5 Days
Scenic Drive
Nature Center
Cultural Sight
Starts:  Arctic Valley
39 miles
Travel by:
 foot  drive  bicycle  plane  train

To The North

Accessible by road, rail, and air, the areas north of Anchorage are rich with historical and cultural sites, vast scenic wilderness, and family-friendly roadside activities and attractions. Spend a few days exploring to enjoy a different perspective on the city.

Day 1

Know Before You Go
Scenic overlooks and cultural sites offer elevated views and new perspectives.
Featuring Mountain Hike Scenic Drive Cultural Site
Average Duration: 
Half to Full Day
Google Street View
Learn the lay of the land

Stretch out with a stroll or ski at Arctic Valley, featuring expansive views of Anchorage, popular hiking trails, lush crops of berries in late summer, and skiable alpine slopes in the winter. A quick drive north of downtown, the trailheads offer stunning views of the sunrise over the Chugach Mountains or the sunset over Cook Inlet and the Anchorage Bowl. Pullouts partway up the 7-mile Arctic Valley Road provide the perfect Anchorage photo op.

Refuel with lunch in Eagle River before heading back toward town. At the northeast edge of the city, stop for a visit at the Alaska Native Heritage Center, an ideal place for an introduction to Alaska’s multiple distinct Indigenous cultures, including the Anchorage area’s Dena’ina Athabascan heritage.

Day 2

Know Before You Go
Eklutna Lake is a popular recreational area — and also the glacier-fresh source of Anchorage's city tap water.
Featuring Lakeside Hike Kayaking Scenic Drive Cultural Site
Average Duration: 
Full Day
More About Eklutna Lake

Head north to Eklutna for a visit to the Eklutna Historical Park. Learn more about the region’s Dena’ina Athabascan history, culture, customs, and Russian Orthodox tradition. The historical park includes traditional Spirit Houses and the split-log Old St. Nicholas Russian Orthodox Church, listed on the National Register of Historic Places.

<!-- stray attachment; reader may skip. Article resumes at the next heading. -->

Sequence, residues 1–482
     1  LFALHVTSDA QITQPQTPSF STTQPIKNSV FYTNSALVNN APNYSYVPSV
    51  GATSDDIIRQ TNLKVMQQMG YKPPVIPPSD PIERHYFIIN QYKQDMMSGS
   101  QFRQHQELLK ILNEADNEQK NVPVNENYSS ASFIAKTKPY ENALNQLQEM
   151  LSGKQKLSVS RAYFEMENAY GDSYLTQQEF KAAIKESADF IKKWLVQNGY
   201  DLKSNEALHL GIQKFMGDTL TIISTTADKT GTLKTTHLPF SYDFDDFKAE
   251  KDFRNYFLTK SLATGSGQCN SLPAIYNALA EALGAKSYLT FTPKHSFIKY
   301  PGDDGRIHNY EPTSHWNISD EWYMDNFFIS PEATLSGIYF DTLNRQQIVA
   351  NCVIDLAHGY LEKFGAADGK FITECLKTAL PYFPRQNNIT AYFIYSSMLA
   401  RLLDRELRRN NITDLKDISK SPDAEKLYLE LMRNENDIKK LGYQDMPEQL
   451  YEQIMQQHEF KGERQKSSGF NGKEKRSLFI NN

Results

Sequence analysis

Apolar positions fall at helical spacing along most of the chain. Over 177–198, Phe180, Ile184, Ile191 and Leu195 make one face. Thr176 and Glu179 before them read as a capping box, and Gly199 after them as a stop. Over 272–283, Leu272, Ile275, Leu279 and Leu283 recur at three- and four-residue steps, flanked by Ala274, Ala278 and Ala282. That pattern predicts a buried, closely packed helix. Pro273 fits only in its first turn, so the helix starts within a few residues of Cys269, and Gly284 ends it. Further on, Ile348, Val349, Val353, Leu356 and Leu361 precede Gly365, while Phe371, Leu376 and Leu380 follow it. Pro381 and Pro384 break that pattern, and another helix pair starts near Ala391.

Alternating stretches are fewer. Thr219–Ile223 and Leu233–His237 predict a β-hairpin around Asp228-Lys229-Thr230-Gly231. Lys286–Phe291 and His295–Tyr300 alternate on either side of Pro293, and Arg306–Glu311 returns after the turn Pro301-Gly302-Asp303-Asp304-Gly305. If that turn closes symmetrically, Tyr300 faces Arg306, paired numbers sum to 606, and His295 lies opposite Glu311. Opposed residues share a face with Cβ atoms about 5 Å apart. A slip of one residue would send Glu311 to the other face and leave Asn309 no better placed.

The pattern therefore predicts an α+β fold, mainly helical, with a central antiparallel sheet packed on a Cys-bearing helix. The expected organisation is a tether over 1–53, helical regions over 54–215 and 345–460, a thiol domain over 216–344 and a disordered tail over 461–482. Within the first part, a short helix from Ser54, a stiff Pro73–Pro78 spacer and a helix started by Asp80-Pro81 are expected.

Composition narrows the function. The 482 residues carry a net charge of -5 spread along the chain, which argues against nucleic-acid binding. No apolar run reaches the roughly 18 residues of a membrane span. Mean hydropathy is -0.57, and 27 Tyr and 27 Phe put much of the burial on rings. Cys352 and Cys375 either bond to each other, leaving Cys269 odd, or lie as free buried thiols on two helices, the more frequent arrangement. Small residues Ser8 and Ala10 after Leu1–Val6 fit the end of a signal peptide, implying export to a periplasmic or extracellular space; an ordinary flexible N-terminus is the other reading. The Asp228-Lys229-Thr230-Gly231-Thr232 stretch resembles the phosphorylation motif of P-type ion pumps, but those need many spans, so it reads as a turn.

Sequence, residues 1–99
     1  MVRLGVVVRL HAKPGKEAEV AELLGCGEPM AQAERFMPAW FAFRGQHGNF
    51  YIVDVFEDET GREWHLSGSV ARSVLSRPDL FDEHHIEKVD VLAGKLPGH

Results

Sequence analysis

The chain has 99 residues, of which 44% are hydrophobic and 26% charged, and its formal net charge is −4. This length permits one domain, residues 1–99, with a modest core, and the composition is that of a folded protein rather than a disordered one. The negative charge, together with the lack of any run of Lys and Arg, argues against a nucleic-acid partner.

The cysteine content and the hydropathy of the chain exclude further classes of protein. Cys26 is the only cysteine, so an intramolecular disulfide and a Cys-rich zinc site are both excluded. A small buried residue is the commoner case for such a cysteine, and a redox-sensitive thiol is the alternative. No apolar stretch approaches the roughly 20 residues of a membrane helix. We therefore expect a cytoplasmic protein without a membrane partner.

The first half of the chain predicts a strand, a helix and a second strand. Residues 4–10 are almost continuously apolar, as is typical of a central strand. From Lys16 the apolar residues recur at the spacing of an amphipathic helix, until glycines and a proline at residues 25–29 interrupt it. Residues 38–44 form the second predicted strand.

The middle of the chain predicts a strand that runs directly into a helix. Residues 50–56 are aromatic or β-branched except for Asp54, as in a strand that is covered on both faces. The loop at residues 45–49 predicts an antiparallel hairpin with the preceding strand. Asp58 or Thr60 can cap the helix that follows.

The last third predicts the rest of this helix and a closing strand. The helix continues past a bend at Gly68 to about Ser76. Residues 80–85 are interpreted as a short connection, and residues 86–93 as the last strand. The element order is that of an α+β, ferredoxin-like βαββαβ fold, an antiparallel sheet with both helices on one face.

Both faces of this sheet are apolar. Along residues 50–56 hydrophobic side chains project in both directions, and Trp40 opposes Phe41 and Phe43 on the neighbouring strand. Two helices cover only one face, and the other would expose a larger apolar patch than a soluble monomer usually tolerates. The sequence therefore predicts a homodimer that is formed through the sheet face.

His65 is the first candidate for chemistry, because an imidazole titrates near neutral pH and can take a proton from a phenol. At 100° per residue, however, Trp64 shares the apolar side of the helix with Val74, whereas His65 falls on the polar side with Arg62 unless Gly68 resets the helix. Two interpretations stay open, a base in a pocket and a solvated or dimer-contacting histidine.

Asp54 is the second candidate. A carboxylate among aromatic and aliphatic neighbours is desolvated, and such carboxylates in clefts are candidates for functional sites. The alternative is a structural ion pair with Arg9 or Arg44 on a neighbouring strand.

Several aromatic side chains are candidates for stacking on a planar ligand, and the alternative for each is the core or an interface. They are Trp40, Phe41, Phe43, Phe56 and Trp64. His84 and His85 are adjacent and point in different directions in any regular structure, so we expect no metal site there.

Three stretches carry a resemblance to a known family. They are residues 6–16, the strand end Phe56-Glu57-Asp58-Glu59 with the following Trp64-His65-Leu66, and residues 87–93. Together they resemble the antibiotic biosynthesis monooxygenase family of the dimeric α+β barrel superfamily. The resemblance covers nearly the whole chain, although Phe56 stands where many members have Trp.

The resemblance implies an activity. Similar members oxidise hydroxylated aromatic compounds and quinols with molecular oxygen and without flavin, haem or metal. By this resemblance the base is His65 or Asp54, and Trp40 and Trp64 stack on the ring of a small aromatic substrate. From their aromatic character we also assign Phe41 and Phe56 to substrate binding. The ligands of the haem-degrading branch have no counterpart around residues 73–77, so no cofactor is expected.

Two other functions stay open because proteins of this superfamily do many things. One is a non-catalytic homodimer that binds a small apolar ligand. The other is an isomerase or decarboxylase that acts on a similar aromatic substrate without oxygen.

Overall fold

Then follow the winding Eklutna Lake Road, featuring 10 miles of expansive valley views and breathtaking mountain scenery. The road ends at Eklutna Lake: soak up the mountain views, then get out on the water with a kayak (rentals and guides are available), or walk or bike along the scenic Eklutna Lakeside Trail.

Day 3

Explore Chugach State Park from a trailhead at the Eagle River Nature Center (pictured above). The nature center offers interpretive material and a variety of educational programs, and the surrounding trail system gives a glimpse at some of the best views the Eagle River Valley has to offer. 

Continue north along the Glenn Highway to Thunder Bird Falls: A mile-long hike from the parking lot takes visitors to the 200-foot waterfall, and a refurbished observation platform offers a close-up view of the cascade (and impressive ice formations in the winter). 

For a cool retreat when summer temperatures start to rise, stop at Mirror Lake. The popular local oasis is an ideal stop for a picnic while traveling the Glenn Highway. The adjacent singletrack mountain bike course carves five miles of tree-lined track through the forest — fast-paced fun for riders of all abilities.

Day 4

Head to Lake Hood to catch a small plane: Denali, the tallest peak in North America, is a 40-minute flight north of Anchorage, and flightseeing tours offering lake and glacier landings make for unforgettable Alaska memories.

Day 5

Know Before You Go
Before it became a city, Anchorage was briefly a tent town built to aid in the construction of the Alaska Railroad.
Featuring Rail Tour
Average Duration: 
Full Day+
More About Railroad Tours

Make tracks to the Alaska Railroad’s downtown depot and head north: With towering Denali views and plentiful wildlife sightings, the wintertime Hurricane Turn train returns passengers to the Anchorage depot by evening. In the summer, the Denali Star makes stops in Wasilla and Talkeetna before continuing on to Denali National Park and Fairbanks.